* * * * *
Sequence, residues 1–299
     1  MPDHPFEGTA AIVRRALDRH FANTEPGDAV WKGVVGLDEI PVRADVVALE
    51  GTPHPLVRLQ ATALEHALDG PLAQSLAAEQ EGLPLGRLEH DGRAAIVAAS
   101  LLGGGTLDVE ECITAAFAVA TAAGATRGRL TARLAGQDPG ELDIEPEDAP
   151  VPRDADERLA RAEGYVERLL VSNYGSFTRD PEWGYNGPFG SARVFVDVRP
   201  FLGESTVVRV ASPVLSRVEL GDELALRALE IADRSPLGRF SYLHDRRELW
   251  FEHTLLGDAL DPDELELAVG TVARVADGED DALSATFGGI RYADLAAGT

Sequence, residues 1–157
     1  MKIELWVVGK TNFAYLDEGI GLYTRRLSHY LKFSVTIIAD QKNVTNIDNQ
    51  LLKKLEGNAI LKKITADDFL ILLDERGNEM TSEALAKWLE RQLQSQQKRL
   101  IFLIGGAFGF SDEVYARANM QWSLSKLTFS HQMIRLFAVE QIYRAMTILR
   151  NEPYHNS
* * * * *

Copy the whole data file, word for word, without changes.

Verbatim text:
Sequence, residues 1–299
     1  MPDHPFEGTA AIVRRALDRH FANTEPGDAV WKGVVGLDEI PVRADVVALE
    51  GTPHPLVRLQ ATALEHALDG PLAQSLAAEQ EGLPLGRLEH DGRAAIVAAS
   101  LLGGGTLDVE ECITAAFAVA TAAGATRGRL TARLAGQDPG ELDIEPEDAP
   151  VPRDADERLA RAEGYVERLL VSNYGSFTRD PEWGYNGPFG SARVFVDVRP
   201  FLGESTVVRV ASPVLSRVEL GDELALRALE IADRSPLGRF SYLHDRRELW
   251  FEHTLLGDAL DPDELELAVG TVARVADGED DALSATFGGI RYADLAAGT

Sequence, residues 1–157
     1  MKIELWVVGK TNFAYLDEGI GLYTRRLSHY LKFSVTIIAD QKNVTNIDNQ
    51  LLKKLEGNAI LKKITADDFL ILLDERGNEM TSEALAKWLE RQLQSQQKRL
   101  IFLIGGAFGF SDEVYARANM QWSLSKLTFS HQMIRLFAVE QIYRAMTILR
   151  NEPYHNS